• Health and safety.
  • Traditional clerk of works.
  • Mechanical and electrical.
  • External wall fire review.
  • Building control.
  • Build warranty.
  • Preoccupation fire risk assessments.
  • End of defect liability.

Regrettably, all these inspections haven’t resolved the problem and we’re still grappling with quality issues.

Now picture an inspector sitting at the end of an assembly line looking at each widget for obvious defects as it comes along the conveyor belt. This type of inspection examines the finished product with little emphasis on the entire system or process that produced the product. The opportunity to review and learn is not realised. Could this way of managing quality be part of the problem? The crucial point is that lesson learned approaches allow you to go much deeper and understand the root causes.

It’s common to undertake lessons learned reviews following the completion of a project. The information gathered is used to improve design, specifications and building operations. However, the scope of these reviews are sometimes limited because of commercial and confidential barriers.

Based on these examples, there are similarities and differences in how the different sectors manage quality.

  • All sectors adapt the lessons learned and quality inspection approach – both are crucial. The difference lies in the extent to which the two are used.
  • Some focus more on understanding and learning from the root causes, the precursors, as well as a poor-quality incident itself, and without blame. There’s structure to the way the learning is done. Quality inspections form part of this process but isn’t the dominant factor.
  • The housing construction and maintenance sector predominantly use quality inspections and there’s no sector-wide structure for reviewing and learning from the root causes, precursors and poor-quality incidents.

If, after several recommendations, the level of improvement required in the housing sector is slow, we need to do things differently. By raising these examples, I hope it helps spark discussions about what else there is to challenge us individually to seek them out. And if it works, let’s adopt them.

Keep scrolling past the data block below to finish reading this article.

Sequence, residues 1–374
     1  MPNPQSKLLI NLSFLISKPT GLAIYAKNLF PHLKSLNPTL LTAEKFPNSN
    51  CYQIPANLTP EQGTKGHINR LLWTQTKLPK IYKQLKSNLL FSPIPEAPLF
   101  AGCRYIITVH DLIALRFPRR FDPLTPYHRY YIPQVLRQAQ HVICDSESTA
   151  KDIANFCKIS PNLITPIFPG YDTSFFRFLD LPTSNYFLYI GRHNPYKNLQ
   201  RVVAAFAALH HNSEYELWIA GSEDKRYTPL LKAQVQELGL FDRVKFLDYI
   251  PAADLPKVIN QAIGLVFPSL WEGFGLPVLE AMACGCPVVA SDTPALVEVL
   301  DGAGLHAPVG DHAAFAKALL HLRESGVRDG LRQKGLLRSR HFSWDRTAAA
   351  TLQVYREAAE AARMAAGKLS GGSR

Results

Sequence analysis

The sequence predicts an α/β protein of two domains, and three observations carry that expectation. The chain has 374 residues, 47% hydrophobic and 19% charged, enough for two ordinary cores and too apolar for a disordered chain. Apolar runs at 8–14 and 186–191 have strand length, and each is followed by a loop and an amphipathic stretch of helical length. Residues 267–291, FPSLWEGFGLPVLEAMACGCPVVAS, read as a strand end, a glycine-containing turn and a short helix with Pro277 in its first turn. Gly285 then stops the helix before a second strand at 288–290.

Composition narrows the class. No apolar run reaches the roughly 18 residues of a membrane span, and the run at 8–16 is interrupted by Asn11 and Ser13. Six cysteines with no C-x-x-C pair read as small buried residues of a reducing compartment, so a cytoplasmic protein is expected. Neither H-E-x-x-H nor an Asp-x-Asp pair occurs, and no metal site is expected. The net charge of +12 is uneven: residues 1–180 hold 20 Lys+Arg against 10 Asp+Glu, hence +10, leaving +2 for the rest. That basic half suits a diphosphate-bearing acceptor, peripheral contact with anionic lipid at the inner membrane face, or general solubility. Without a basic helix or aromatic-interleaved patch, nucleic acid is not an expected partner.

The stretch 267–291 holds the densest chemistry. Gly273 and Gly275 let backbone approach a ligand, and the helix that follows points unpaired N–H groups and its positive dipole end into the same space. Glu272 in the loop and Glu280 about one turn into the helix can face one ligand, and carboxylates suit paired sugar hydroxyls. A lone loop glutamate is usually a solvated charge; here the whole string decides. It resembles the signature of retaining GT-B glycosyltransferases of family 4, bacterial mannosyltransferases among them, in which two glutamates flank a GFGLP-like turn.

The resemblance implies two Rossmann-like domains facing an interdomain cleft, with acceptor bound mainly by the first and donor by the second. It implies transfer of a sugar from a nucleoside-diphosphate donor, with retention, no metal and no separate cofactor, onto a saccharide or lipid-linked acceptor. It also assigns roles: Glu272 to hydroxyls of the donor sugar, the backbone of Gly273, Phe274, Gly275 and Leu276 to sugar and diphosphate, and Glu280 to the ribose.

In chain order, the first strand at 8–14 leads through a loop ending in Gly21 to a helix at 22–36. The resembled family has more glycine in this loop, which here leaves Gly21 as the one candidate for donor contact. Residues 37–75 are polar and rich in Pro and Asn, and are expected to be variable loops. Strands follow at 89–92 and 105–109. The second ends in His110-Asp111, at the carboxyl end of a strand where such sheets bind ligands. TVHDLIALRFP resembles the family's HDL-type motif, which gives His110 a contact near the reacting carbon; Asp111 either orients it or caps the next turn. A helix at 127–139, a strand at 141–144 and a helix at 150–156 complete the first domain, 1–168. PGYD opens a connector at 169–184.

The latest call to improve quality in the sector is because of the Grenfell Tower fire. Like most of you, I can’t bear to imagine the despair of residents, and colleagues, if these changes don’t result in real change or if change is slow. I leave you with this thought. What would happen to our sector’s reputation if the terrible events at Grenfell recurred? We must keep improving. We need to do more individually. We need to improve our joined-up thinking. And we need good leadership to make change happen quickly.

Becky will be speaking at Asset Management and Maintenance 2020 on 14-15 October in the session ‘Future homes: thinking big about ensuring social homes are fit for today and generations to come’. Find out more about joining Becky at the event.

Becky Utuka

Becky is Director of Development and Sales at Gateway Housing Association.

Becky Utuka joined Gateway Housing in January 2017 as the Head of Development and becoming the Director of Development and Sales in November 2018. Becky sits on the Board of a Housing Association as a Non-Executive Director. And she has previously worked for London based Housing Associations.

Ensuring we have quality social homes fit for the future